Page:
The Stanley Parable: Ultra Deluxe: Game Review

This place should have been the usual story about how significant The Stanley Parable, released back in 2013, how it broke the “fourth wall” and explored the nature of choice in games. But I want to start with a much more relevant topic and talk about buckets. “A bucket”… how much there is in this sound… Have you ever thought about the fact that a bucket is not just a useful thing in the household, that it can have its own thoughts, desires (for example, learn to roller skate)?

But thanks to The Stanley Parable: Ultra Deluxe, I got to thinking – and now I just can’t look at my bucket, where I have so unceremoniously shoved a dirty rag all these years, just like a household tool. No, now it is standing next to me on a chair, and I really hope that the warmth and guiding light of the bucket will pierce the veil of confusion and chaos in my life …

A joke repeated twice?

Of course, it may seem surprising that an absolutely irrational meme with a bucket, which has nothing to do with thoughts about the fate of the industry, has become almost the main joke in the game, which is actually about postmodernism, the breaking of the “fourth wall”, an ironic look from the inside on video game development, statistical analysis, interaction with the community, and so on.

And I, to confess, while playing The Stanley Parable: Ultra Deluxe, in the first 20 minutes, I was also rather skeptical. It is difficult to enter the same river twice. And what looked bold, relevant and breakthrough nine years ago, now doesn’t seem so anymore – over the years, many have broken the “fourth wall”, and they have done it very talentedly, like, for example, my beloved Daniel Mullins, author Inscryption.

The graphics in the new game seem to be prettier.

Of course, there is a unique storyteller in The Stanley Parable, which, it turns out (and this has only now become clear), I have missed in these nine years. And the “fourth wall” breaks down here for a reason, but so that the developers in an ironic manner talk to us on topics relevant to the industry, speculate about the nature of choice in games. And they didn’t just speculate, but they did it brilliantly, allowing us, in the form of a simple office worker Stanley, to go against the narrator, make decisions different from the planned ones, be planted by the way the narrator is furious (although in some places I even feel sorry for him), and discover more and more new endings.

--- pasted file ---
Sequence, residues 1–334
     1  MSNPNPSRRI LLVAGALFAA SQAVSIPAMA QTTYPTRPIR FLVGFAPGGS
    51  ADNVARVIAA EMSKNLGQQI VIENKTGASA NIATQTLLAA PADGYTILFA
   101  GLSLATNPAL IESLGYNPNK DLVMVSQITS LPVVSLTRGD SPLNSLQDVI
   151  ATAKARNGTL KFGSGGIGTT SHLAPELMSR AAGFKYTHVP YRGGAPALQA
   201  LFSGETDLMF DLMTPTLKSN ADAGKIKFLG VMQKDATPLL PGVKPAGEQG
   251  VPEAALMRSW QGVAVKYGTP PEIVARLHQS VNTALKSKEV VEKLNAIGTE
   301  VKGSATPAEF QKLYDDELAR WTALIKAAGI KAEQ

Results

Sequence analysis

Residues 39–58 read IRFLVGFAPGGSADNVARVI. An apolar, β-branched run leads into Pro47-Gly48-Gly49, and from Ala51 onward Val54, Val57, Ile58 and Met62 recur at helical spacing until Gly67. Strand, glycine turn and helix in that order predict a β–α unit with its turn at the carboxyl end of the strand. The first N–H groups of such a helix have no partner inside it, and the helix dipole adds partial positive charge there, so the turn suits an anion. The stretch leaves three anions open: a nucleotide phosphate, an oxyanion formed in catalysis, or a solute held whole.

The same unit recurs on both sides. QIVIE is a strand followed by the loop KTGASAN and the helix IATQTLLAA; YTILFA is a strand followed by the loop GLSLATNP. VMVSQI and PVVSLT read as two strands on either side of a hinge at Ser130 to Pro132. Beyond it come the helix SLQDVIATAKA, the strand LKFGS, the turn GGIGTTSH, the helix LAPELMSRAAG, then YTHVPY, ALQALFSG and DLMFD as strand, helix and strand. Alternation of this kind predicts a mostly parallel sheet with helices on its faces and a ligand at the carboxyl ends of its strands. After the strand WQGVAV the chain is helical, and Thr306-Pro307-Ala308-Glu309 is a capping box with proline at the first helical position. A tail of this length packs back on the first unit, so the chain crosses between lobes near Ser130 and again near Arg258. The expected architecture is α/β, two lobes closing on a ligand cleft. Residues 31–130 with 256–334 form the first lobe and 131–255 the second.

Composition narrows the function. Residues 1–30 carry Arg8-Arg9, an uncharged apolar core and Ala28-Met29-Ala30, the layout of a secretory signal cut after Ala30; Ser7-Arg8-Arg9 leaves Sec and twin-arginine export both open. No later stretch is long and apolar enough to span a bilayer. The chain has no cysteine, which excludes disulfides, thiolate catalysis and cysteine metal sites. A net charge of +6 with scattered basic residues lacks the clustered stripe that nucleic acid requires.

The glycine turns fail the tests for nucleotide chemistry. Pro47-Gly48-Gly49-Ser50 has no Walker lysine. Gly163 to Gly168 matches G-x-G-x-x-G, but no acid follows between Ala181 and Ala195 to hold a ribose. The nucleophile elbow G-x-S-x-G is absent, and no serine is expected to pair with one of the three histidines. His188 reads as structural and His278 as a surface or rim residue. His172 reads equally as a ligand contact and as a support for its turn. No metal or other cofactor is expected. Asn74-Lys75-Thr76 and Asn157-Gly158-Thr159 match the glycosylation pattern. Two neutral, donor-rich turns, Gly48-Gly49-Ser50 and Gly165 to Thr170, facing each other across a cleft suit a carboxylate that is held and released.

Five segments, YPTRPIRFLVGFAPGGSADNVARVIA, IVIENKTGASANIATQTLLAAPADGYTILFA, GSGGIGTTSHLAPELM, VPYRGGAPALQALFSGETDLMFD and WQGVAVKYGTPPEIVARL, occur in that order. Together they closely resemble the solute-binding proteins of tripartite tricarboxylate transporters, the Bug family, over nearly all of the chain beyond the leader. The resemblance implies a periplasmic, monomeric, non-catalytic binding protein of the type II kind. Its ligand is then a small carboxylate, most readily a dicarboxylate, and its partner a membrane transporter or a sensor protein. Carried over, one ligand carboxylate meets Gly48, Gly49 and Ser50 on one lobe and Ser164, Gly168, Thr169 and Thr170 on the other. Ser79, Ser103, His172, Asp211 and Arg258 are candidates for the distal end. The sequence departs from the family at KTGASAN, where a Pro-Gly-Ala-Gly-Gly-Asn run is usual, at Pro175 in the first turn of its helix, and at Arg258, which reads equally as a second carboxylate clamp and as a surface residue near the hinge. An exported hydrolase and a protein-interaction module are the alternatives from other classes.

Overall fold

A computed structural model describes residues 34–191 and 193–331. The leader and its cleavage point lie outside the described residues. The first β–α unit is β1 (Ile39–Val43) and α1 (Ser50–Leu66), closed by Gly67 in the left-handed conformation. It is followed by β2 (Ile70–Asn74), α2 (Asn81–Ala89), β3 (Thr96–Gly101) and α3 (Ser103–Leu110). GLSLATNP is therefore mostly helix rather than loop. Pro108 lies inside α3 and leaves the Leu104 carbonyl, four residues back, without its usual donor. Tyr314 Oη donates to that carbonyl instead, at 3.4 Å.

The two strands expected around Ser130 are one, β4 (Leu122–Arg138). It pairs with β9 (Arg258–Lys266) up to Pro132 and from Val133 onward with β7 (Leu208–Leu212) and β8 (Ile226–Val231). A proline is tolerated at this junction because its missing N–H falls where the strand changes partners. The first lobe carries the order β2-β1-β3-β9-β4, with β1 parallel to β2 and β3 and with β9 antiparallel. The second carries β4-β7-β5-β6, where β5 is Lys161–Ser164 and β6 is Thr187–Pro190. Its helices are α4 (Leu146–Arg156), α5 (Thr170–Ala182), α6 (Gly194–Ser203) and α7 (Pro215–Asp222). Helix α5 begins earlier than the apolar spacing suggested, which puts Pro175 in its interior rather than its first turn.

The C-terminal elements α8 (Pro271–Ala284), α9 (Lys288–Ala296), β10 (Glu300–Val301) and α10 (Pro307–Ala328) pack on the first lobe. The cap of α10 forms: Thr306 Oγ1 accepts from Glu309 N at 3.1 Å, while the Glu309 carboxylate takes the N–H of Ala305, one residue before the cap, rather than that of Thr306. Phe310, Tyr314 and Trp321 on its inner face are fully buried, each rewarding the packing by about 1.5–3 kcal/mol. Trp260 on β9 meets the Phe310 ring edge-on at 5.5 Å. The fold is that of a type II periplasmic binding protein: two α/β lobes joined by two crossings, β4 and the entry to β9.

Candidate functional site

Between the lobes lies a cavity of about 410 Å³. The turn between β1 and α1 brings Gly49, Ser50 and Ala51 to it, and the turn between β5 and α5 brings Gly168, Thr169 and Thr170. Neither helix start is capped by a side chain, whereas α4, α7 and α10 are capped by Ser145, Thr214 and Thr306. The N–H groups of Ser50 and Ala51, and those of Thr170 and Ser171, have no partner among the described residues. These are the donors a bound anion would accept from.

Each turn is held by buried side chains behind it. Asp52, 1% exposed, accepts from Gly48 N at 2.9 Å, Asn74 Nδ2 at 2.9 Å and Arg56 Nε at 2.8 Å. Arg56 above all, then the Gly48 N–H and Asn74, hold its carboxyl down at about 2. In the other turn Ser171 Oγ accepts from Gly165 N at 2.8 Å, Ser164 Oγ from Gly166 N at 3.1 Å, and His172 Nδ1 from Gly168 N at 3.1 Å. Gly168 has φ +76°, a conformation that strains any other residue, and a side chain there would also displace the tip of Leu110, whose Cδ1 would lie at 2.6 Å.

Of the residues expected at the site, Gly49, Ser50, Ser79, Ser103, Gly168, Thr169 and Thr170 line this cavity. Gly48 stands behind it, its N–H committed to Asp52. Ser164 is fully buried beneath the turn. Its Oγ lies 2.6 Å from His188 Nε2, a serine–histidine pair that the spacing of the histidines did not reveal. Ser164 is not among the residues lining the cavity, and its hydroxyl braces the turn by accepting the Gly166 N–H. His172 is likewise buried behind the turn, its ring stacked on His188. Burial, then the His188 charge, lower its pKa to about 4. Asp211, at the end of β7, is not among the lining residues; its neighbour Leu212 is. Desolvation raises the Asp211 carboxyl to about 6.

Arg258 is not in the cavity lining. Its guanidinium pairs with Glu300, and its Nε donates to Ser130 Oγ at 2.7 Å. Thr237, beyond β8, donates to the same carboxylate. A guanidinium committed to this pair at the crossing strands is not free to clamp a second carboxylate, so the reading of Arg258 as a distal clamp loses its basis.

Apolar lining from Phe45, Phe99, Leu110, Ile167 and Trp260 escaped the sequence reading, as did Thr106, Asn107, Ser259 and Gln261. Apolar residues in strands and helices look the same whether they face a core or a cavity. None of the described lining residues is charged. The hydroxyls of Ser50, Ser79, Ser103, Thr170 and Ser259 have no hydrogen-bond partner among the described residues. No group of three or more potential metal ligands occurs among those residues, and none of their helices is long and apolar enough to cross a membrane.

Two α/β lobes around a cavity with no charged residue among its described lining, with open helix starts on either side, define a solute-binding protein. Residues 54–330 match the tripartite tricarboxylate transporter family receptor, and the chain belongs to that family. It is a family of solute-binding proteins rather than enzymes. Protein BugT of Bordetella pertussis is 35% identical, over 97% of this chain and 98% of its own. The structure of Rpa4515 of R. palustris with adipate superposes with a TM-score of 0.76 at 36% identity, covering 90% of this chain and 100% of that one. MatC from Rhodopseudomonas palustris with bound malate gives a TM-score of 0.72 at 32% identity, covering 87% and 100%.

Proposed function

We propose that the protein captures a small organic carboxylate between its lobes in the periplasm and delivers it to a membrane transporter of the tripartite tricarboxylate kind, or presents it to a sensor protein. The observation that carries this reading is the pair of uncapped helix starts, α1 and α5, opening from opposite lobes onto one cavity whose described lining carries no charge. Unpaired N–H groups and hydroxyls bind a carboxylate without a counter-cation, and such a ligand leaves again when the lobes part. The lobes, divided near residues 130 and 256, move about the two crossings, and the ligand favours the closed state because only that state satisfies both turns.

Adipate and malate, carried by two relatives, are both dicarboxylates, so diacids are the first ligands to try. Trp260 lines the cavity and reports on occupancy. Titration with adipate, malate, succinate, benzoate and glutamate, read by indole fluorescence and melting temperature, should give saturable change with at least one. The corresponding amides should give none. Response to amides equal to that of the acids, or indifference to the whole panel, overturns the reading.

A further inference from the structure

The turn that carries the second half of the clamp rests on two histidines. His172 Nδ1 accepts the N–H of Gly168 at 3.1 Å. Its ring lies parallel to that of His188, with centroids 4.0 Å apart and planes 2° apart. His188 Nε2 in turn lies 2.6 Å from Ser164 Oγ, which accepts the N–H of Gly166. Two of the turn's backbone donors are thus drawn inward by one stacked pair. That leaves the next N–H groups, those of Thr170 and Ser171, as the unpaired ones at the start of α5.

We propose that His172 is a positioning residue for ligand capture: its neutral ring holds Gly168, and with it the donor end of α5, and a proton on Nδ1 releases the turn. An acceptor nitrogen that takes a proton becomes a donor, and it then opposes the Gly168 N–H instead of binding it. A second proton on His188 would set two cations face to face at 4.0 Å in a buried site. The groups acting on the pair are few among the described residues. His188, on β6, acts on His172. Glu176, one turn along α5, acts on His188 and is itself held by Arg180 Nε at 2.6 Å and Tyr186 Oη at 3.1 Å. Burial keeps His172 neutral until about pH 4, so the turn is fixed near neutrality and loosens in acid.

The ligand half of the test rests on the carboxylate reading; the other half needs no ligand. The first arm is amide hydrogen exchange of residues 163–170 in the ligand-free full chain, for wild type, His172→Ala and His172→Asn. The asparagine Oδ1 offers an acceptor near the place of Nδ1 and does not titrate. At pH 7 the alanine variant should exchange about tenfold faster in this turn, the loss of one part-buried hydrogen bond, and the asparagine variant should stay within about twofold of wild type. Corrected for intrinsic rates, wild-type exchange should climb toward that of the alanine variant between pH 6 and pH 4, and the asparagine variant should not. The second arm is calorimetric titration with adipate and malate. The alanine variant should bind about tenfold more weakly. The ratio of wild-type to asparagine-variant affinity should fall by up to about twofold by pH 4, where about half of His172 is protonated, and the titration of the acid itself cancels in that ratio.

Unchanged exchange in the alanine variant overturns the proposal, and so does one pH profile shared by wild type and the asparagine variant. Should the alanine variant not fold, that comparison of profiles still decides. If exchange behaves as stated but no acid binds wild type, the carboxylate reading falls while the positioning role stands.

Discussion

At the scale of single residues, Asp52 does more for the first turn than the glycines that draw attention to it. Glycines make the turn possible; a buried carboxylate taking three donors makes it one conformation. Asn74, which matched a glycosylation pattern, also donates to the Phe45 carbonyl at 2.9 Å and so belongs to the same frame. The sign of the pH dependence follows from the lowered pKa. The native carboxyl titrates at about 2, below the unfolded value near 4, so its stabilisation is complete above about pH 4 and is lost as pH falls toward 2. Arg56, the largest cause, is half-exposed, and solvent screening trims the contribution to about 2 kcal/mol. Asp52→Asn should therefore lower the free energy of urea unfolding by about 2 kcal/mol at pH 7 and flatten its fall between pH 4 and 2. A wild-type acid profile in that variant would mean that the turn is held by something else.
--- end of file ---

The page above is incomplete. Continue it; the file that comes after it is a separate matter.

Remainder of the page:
We are asked to go straight, but what happens if we turn left and try to escape? It’s impossible to hold on.

But, I repeat, that was nine years ago. And what do we initially see in this seemingly expanded edition? Yes, we can find a separate trophy museum where all the awards the game has won are on display, and some laudatory reviews are placed under glass in a frame. There are also exhibition halls with additional materials, which show sketches of some locations, including Stanley’s room, talk about the development progress, how the authors found the designer, and so on. Interesting, informative, funny, but nothing more.

Plus, the authors quite predictably sneer about the “new materials” in such reissues, and the materials turned out to be comically few.

And again brilliant!

However, when, it would seem, you are finally convinced that The Stanley Parable: Ultra Deluxe is sometimes funny, but generally labored walking in a circle and that the joke repeated twice is no longer so funny, the developers turn everything over with a couple of light movements upside down.

The style here is awful – in a good way, of course.

Taking off from the negative reviews on Steam, they’re thinking about adding everything players ask for, and introducing a great cutscene with a button that allows you to skip dialogue. This scene is so strong that now I probably won’t be able, as before, to simply skip the lines – I will instinctively be afraid of how this might end.

And then the narrator shows ideas for a sequel, including, for example, a device for issuing free achievements, collectible figurines for collecting which we get nothing, a button that says the real name of the player, and much more. And, of course, the notorious soothing bucket, which beckons and begs you to take it, because immediately you will be enveloped by a wave of warmth and comfort.

As a result, the game turns from an extended edition into almost a full-fledged sequel. And if you run not The Stanley Parable: Ultra Deluxe, but The Stanley Parable 2, the game will change – the balloons decorating the office, the soothing bucket, new locations, new endings and even new characters…

Which logo do you like best?

And the enthusiastic horror from realizing how deep the game is again, from the fact that you simply don’t know what other surprises and endings the authors have prepared for the next passage … And at the same time, behind the irony, there are quite deep, interesting, and most importantly, relevant game development process and interacting with their community.


All this does not mean that The Stanley Parable: Ultra Deluxe is self-sufficient. No, it’s better to go through the original first, and then launch the sequel to understand how much deeper and more interesting the game has become. The authors have once again proved that they are geniuses – and I simply have nothing more to add. I’d rather just take a soothing bucket in my hands – I want, you know, warmth and comfort in the midst of the chaos of life.

Pros: plot; humor; irony; new brilliant ideas and additional materials; current reflections on the development and perception of games; great voice acting.

Cons: none.